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Meditating on Mary

Mary, the mother of Jesus, is an important figure in every way. After all, it was her body that ushered in the tiny body of our Savior, Jesus, into this world.

Still there is controversy among us, as believers, on the amount of time we should dedicate to her.

For now, let’s spend a few moments meditating on Mary. Because, if we make too little of Mary, we miss out on more of God.

Looking at Mary and seeing how God sees her gives us a window to see how God sees us. Her role then is significant to you now.

This week in Advent, join us as we explore the mystery of our Savior’s birth through a young girl named Mary.

Let’s dive in!

Highlights:

We take the humanity out of Jesus when we make his birth too abstract because we think of it as something that is surreal, that is beyond the physical world.

Jesus becoming flesh dignifies our flesh.

Part of Jesus’ story is that his body came into this world through Mary’s body.

Extras:

Mary’s Song in Luke 1:46-55

(Mary chooses words to magnify the Lord from Psalm 22, 44, 103, 1 Samuel 2:1-10, etc. showing us that she held Scripture close)

“And Mary said: ‘My soul glorifies the Lord and my spirit rejoices in God my Savior, for he has been mindful of the humble state of his servant.From now on all generations will call me blessed, for the Mighty One has done great things for me—holy is his name.

His mercy extends to those who fear him, from generation to generation.

He has performed mighty deeds with his arm; he has scattered those who are proud in their inmost thoughts.

He has brought down rulers from their thrones but has lifted up the humble.

He has filled the hungry with good things but has sent the rich away empty.

He has helped his servant Israel, remembering to be merciful to Abraham and his descendants forever, just as he promised our ancestors.’”

If you want to learn more, check out Josh’s latest musing on this topic at, Why Mary Matters to Your Body

Click for Full Podcast Transcription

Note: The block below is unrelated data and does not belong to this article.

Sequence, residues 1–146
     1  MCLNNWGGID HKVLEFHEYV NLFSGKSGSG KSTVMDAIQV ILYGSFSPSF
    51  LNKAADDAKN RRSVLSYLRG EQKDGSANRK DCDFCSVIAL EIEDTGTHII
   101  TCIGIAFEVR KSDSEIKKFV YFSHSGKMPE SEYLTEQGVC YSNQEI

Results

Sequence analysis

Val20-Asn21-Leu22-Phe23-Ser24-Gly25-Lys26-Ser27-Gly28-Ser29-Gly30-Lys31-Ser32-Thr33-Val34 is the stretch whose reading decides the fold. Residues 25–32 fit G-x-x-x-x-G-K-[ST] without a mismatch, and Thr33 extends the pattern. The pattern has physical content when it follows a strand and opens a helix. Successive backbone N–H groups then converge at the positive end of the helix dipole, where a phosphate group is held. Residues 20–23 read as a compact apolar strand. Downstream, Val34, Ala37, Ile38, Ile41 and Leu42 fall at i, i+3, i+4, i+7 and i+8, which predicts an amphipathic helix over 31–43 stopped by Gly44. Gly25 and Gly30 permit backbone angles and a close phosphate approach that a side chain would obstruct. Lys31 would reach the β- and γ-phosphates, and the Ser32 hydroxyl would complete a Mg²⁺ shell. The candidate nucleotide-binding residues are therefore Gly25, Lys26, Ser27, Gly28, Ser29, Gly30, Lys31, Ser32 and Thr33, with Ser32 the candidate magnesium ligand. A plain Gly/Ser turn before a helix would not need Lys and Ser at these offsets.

As we move into the second week of Advent now, I want us to take a little time today and focus on Mary. Now, like many of you, I grew up in an environment Christian environment that did not talk much think much do much with Mary. Matter of fact, we were warned about not focusing too much on Mary. We saw the Catholics veneration of Mary as something that was inappropriate, because Jesus is the savior, not Mary. But I think while it’s true that some Roman Catholics may focus too much on Mary, I do believe that most Protestants focus way too little on Mary. And this is important, because of Mary is too small a figure in the Christmas story. If Mary is too small a figure in the Christmas story, then we are not really hearing or receiving the whole story. Let me say that again, if we make marry two smaller figure in the Christmas story, then we are actually missing out on the whole story. We’re gonna talk about that today. Now, many of your listening, you tune into this podcast because we focus on issues related to sexuality and becoming whole, sexually relationally emotionally. And I hope as we go through this, you’ll recognize Why marry is so important, as we consider becoming sexually relationally whole people. We’ve said it here many times, and I’ll say it again this morning. To be a human being is to be both body, and spirit. And sometimes we think about the Christmas story. we idealize it too much, we make it too abstract. Because we we think of it as something that is surreal that is beyond the physical world. Silent night, holy night is this serene, beautiful song, suggesting that Jesus didn’t cry, and we kind of, we take some of the humanity out of Jesus, when we make it make Christmas to serene to Silent to still. Now I believe there was silence and stillness on that night, it must have been a beautiful night in some ways. But let’s reintroduce Mary into the story and see where it leads us in our own recognition of what it means for us, in our bodies. So let’s start with Jesus. Last week, I mentioned that when Jesus became a human being he forever dignified humanity, that him becoming flesh dignifies our flesh. It’s a concept that goes back to Athanasia St. Athanasius. And we shared about his illustration that if a king moves into your city, if the king moves into your village, then he elevates the quality of the caliber, the theme of that village, he brings with him the riches that he has, he brings with him, the the soldiers and the protection. So that village becomes something greater than his band. And when Jesus became a human being, he in essence, did the same thing he elevated and made stronger and more beautiful and more dignified, what it means to be human being. But let’s go back to that illustration, and look at it from a different lens. Because I think sometimes, when we think about Jesus humbling himself, we can almost view him like that King or that ruler who comes into a town. And he moved in because he likes the view. He likes the real estate. He likes the climate there. But that’s not why Jesus became a human being. That’s not why he moved into our village. He didn’t move in to develop it. You know, he’s not a big developer who comes in and just kind of bulldoze is the Old Town Square and builds a huge shopping mall or a huge casino or amusement park, and then ends up exploiting the people who lived there and who used to call up their home, offering them more money because now they’re working in his factory. That’s not what Jesus did. That’s not why he moved to this village. He moved in to this village, because you live there. He didn’t come for the climate, or the view or the real estate. He moved in, because that’s where you live and he wanted to live near you. Jesus became a human being, because you are a human being. Jesus became flesh because you are a flesh. Jesus moved in because that’s where you are. He humbled Himself, because that’s where you are. And this brings us back to Mary and why it’s a mistake to make too little of her in the Christmas story, like many of us have. We think back to Adam and Eve here. Since Adam and Eve’s fall, humanity has has felt in itself has carried within itself a deep sense of humiliation. After Adam and Eve disobeyed God, they looked upon their naked bodies and felt shame and they hid themselves from each other, from probably their own eyes and from God. But look, look, Jesus United himself with Mary. So the humiliation that Adam and Eve wrought into humanity and into all the earth, that they carried in their bodies that we have carried in our bodies all this time, since their sin. Jesus United himself with Mary, Jesus came into a humble virgin girl. When he carried in her body, the humiliation, he entered into her, he became a, an embryo in her. And we’re talking about conception here. Mary was not a surrogate mother. That’s it. That’s a wrong reading of what it means that the Jesus was was in her womb, she wasn’t a surrogate mother. She wasn’t just a womb, that God was using. God united with her egg. Now there was no father. So there’s no sperm involved. Here, God did not have sex with Mary. But in a miraculous way, God through His Holy Spirit moved upon an egg in the in the body of Mary, United himself, with Mary’s egg and was conceived. Now, we got to be careful here because we don’t want to slip into heresy. God the Son existed for all time, he is not created, He is begotten he is, he has always been the Son of the Father. God, the Son has always existed, He is eternal. Scripture teaches us. However, God the Son became a human being at a point in time, he was not always human. He became a human being at a point in time. So God, the Son always existed, but Mary’s son came into being through the union of the Holy Spirit, and Mary’s egg. This means that Jesus was not just God’s son, he was, in fact, Mary’s son, too. He looked like Mary, when he was born, there would be people who would look at him and say, Oh, he looks like his mom. He looks like his mom. He had her DNA. Jesus became united with Mary, God, United himself with humanity. So this comes back to what I said at the beginning. If we make too little of Mary, that we miss out, we keep God’s incarnation as, as a theoretical and conceptual and as abstract. But God became flesh Jesus is a man is eternally is a man, God United himself with humanity for all. Through Mary’s womb, this was real people. She wasn’t just a surrogate for a time. This is real. He became a human being, and will always be a human being. Now, obviously, he is also God. And the early church fathers and mothers wrangled and wrestled with how to understand this and, and if we go too far to him, he’s just a human being, and we forget that he’s also God, then we slipped into heresy. Jesus was not just just man, he is also always God. But he is not just God, or only temporarily, man. That’s also heresy. God, Jesus is Jesus, the son is both God and men, fully God, fully man, fully God, fully man. And the only way he could become fully man was to be born of Mary, was to be born of this virgin. When we make too little of Mary, we make too little of ourselves. Let me say it a different way. When we make too little of Mary, we make too little of what God thinks and feels about us. When we make too little of Mary, we make too little of what God thinks and feels, what his posture is towards you. And me. He moved in to your town because he lived there. He became a baby because you were a baby. He took on flesh because you are a flesh and he wants to raise you up. Not to be some spirit, not to be some ethereal thing, but he wants to raise up your body. You long and thirst like all of creation does for the resurrection and the revelation of the sons of man and woman. What does that mean? It means when we see ourselves re dignified, re beautified restored, resurrected as those who have been rescued by Jesus. I’m stumbling for words, because I’m talking about a deep and great mystery here. Obviously, what I’ve been talking about probably raises more questions than answers. But I want to encourage you this Advent season, I want to invite you this Advent season to join me as I’m trying to meditate on and and delve into this great mystery, that God became flesh in the womb of Mary, that God United himself with human being, he united himself with Mary, for our sake, because he wanted to move into our village because you live there because I live there. So would you join me in just exploring this mystery and not being afraid of making too much of Mary? Because in fact, God made so much of Mary by making his home in her body and becoming one with her. Lord, I am speaking way above my paygrade here. How could this be? How could this be? And how could you think so much of us, that you would come to restore us to something far greater than we’ve known we have carried humiliation so long in our bodies and we have acted with humiliation towards one another, in our relationships in our sexuality? heckler Lord, in our eating in our drinking in our spending, we have treated ourselves as those who are humiliated and you Lord humbled yourself, that we might be elevated again. Lord, forgive us for making too little of Mary and thus finding our way to make too little of how you think and feel about us. Open our eyes to see her as you see her that we may see ourselves as you see us. God, thank you. Thank you, thank you, that you were conceived in the womb of Mary. Thank you for the incarnation. Open our eyes in the eyes of our heart to know you better there. And the the Father, Son, Holy Spirit, I pray Amen.